Rote Memorisation of Vocabulary is NOT a path to language fluency!

Have you ever been in a restaurant wanting some nasi goreng, but been unable to remember the Indonesian phrase for “I want to order . . .”?


Have you ever wanted to tell a taxi driver to turn left or turn right but been unable to come up with “belok kiri” or “belok kanan”?


If you’re like most language learners, you’ve found yourself in frustrating situations where a word or phrase is “right on the tip of your tongue,” but you can’t produce it when you need it in a real-life situation.


What’s happening here?


It’s quite simple. While the words you’re groping for may have been “introduced to you,” you’ve obviously never had any meaningful interactions involving those words . . . so the words did not “stick in your mind” – they never got “fully entrenched” in your brain.


To illustrate the point:

Imagine that you’re at a dinner party. The host introduces you to many people – Petra, Julie, Paola, Greta, Symon, Samuel and many more. Now, you strike up a conversation with Symon and spend most of the evening speaking with him. When the party ends and you’re saying your goodbyes, you’ll obviously have no problem remember Symon’s name – you had meaningful interactions with Symon and used his name many times - but, chances are, you’ll have some difficulty remembering the names of the other party guests with whom you had no meaningful interaction.


As language learners, we too often think that simply “memorizing” words and phrases will take us where we want to go . . . but it just doesn’t work that way. For language to actually “stick,” we must use the new language we learn . . . in real-life contexts. That’s the only way that the language will become thoroughly entrenched in our minds.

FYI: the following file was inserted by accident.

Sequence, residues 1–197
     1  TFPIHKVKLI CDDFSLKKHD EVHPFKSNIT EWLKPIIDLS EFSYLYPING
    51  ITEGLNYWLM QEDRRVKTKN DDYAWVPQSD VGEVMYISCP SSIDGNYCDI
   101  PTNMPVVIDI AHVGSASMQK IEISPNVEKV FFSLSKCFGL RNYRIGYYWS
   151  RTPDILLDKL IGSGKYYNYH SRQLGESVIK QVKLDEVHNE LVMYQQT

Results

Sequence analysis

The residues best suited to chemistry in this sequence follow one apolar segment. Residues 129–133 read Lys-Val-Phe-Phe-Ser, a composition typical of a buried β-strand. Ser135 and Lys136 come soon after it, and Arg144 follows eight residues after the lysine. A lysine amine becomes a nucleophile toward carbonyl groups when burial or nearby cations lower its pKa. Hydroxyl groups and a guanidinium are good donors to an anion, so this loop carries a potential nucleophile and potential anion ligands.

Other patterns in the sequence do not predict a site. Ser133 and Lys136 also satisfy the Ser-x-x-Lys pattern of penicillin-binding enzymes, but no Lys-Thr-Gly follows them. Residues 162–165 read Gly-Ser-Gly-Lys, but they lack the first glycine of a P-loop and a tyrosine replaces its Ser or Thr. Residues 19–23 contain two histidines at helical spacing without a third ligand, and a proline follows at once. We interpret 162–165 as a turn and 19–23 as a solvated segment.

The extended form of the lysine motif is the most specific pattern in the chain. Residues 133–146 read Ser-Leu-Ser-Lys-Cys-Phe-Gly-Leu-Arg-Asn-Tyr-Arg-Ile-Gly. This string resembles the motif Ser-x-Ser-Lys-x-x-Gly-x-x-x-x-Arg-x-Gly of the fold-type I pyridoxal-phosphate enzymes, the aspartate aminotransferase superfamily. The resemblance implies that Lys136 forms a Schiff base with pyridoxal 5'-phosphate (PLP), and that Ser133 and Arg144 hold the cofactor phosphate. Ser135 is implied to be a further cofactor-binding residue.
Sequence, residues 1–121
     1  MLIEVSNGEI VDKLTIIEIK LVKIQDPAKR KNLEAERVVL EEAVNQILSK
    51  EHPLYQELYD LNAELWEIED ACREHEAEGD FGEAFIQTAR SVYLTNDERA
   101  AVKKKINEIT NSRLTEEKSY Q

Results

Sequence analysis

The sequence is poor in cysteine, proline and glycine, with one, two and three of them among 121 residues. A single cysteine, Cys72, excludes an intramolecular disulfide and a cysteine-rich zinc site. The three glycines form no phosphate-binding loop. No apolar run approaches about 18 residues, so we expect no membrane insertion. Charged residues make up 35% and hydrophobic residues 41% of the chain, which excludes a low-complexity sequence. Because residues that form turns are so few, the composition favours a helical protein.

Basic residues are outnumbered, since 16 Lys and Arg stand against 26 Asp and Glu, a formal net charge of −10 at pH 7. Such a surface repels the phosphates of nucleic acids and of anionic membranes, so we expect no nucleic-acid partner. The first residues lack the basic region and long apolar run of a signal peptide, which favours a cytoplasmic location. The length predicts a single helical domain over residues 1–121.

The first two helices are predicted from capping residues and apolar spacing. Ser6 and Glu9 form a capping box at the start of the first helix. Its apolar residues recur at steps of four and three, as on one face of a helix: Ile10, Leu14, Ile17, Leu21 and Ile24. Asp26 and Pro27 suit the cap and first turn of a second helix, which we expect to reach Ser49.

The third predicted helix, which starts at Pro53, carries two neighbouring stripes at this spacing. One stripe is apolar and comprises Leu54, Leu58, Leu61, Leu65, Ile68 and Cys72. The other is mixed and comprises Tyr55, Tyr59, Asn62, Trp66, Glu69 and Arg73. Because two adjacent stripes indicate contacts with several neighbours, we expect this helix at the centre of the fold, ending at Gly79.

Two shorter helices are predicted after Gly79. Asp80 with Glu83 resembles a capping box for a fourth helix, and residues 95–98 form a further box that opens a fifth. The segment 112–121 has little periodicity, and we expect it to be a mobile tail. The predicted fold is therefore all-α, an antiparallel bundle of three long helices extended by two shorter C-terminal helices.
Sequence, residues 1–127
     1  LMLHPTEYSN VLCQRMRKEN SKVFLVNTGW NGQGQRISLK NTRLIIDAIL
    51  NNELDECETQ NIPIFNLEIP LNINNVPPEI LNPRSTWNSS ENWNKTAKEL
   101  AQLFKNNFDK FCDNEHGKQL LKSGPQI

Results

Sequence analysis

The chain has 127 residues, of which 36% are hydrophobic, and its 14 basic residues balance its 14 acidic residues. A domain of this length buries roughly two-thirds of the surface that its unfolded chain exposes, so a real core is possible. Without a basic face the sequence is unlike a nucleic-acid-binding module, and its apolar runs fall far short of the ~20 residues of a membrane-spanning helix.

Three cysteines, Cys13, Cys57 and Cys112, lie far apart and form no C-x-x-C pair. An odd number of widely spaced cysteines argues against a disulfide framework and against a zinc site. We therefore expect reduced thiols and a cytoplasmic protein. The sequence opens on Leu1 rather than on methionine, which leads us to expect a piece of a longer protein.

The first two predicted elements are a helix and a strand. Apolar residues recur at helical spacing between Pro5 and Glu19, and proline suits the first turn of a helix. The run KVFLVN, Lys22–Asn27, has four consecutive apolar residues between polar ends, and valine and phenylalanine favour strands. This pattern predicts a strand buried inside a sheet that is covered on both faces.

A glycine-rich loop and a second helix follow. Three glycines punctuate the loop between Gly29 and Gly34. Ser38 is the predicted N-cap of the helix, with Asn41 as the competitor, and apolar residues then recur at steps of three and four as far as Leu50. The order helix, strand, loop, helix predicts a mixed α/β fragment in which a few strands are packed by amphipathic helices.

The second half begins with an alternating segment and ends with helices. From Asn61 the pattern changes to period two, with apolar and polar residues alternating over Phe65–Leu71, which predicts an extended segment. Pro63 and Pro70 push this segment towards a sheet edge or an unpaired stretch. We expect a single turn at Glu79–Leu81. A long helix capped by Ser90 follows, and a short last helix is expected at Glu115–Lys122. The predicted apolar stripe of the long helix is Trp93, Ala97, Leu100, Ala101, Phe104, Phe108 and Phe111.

The key to “hanging on” to language learned?

MAKE A CONSCIOUS PLAN AS TO HOW YOU WILL USE ALL NEW LANGUAGE INTRODUCED TO YOU.

For example, if you learn belok kiri (turn left) and belok kanan (turn right) today, you might make a conscious plan to use those terms over and over again, with every taxi driver you encounter, until the two terms begin rolling off your tongue naturally, without any translation process whatsoever! If you learn pesan (to order) today, you might make a conscious plan to use the word each and every time you’re in a restaurant.


Once you’ve used newly-learned words and phrases repeatedly in a given context, they’ll become permanently engrained, and you’ll find that it’s quite easy to begin using them in other contexts.


THE PRINCIPLE IS A SIMPLE ONE:


Nobody ever learned to communicate in a language by memorizing words from the dictionary or phrases from a language teacher.
The only path to fluency is to use all language learned in the real-life contexts in your life. If you make a CONSCIOUS PLAN as to how you’ll use all new vocabulary
in authentic and meaningful ways, your journey to fluency will be a lot more rapid and much more enjoyable as well.
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